HL Deb 07 July 1958 vol 210 cc645-56

4.15 p.m.

Order of the Day read for the Report of Amendments to be received.


My Lords, in rising to move that this Report be now received, I should like to ask the indulgence of the House to make a statement on one point which I think caused concern to several noble Lords who took part in the Committee stage. That was in regard to the procedure for collecting estimates from the local authorities for their expenditure for the years 1959–60 and 1960–61 on the services covered by the general grants. My noble friends Lord Gage and Lord Hylton raised this point. I think there was a feeling that the time allowed for the return of these estimates—wanted by the middle of August—is rather short, and the fear was expressed that there was a risk of error creeping in because of the haste with which the figures would have to be compiled. I have looked into this point very carefully, and I have consulted my right honourable friend to see if there is any way in which we can help to meet the difficulty. I hope that what I say will go some way towards reassuring noble Lords who feel concerned about this matter.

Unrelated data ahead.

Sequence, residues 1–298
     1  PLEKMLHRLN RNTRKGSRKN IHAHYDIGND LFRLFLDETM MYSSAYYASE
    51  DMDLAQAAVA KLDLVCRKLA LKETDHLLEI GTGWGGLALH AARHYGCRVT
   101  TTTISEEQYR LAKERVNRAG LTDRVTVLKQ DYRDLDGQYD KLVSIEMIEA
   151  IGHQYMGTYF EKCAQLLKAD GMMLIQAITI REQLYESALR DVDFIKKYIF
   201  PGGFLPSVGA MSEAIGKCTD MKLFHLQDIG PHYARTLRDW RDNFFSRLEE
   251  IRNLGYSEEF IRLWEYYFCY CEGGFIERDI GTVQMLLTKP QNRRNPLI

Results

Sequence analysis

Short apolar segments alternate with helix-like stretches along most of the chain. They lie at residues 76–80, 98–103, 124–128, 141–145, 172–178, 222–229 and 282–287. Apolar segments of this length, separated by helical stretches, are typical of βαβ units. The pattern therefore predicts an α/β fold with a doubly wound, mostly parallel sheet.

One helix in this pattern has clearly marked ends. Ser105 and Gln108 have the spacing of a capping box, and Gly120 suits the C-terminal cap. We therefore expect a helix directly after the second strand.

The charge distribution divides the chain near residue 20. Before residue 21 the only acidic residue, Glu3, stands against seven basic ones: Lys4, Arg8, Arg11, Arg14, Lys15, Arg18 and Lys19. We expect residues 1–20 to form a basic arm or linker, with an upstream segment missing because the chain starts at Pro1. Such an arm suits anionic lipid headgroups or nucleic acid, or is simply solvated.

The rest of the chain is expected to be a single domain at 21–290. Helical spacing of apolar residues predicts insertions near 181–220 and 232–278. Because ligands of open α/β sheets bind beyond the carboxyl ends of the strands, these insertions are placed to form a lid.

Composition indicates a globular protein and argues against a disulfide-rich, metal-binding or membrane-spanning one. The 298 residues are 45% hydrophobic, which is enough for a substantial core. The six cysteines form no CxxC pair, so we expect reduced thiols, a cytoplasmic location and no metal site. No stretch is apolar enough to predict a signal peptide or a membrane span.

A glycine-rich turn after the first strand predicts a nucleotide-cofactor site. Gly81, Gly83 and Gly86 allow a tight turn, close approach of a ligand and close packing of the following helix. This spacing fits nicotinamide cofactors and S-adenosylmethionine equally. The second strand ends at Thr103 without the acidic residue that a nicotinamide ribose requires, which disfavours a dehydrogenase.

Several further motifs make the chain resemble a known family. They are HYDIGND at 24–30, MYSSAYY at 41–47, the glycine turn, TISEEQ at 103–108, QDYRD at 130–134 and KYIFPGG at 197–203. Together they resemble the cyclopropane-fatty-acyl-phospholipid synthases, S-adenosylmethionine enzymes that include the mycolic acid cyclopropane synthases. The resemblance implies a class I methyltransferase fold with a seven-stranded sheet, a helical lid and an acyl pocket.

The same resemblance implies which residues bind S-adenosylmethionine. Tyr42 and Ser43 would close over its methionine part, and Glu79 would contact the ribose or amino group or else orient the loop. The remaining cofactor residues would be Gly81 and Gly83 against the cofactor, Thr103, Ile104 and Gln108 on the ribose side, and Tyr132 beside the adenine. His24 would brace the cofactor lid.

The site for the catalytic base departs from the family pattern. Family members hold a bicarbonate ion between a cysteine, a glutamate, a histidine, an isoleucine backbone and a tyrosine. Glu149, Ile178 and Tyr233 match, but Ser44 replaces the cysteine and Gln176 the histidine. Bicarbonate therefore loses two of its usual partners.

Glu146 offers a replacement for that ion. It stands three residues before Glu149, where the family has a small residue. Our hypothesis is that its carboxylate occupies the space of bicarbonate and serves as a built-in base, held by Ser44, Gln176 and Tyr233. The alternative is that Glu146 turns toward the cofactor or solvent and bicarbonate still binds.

The final object of the procedure started by the sending in of estimates by the local authorities is the fixing of the global aggregate of general grants for the first two years. The estimates, of course, form an important part of the evidence that will be needed for this purpose, but they are by no means the only information that will be available to the Government in deciding in consultation with the local authority associations at what level to fix the general grant. The Government Departments concerned with these services have a great deal of information about trends in local expenditure and about the main factors affecting expenditure. For example, the Ministry of Education have probably more reliable information about the overall supply of teachers than is available to individual authorities, and over the years the Department have their means of forecasting the likely expenditure on its services which have been tested and proved reliable. It will therefore be possible to apply tests to the aggregate of the estimates produced by the authorities to arrive at some global figures for fixing the aggregate general grant.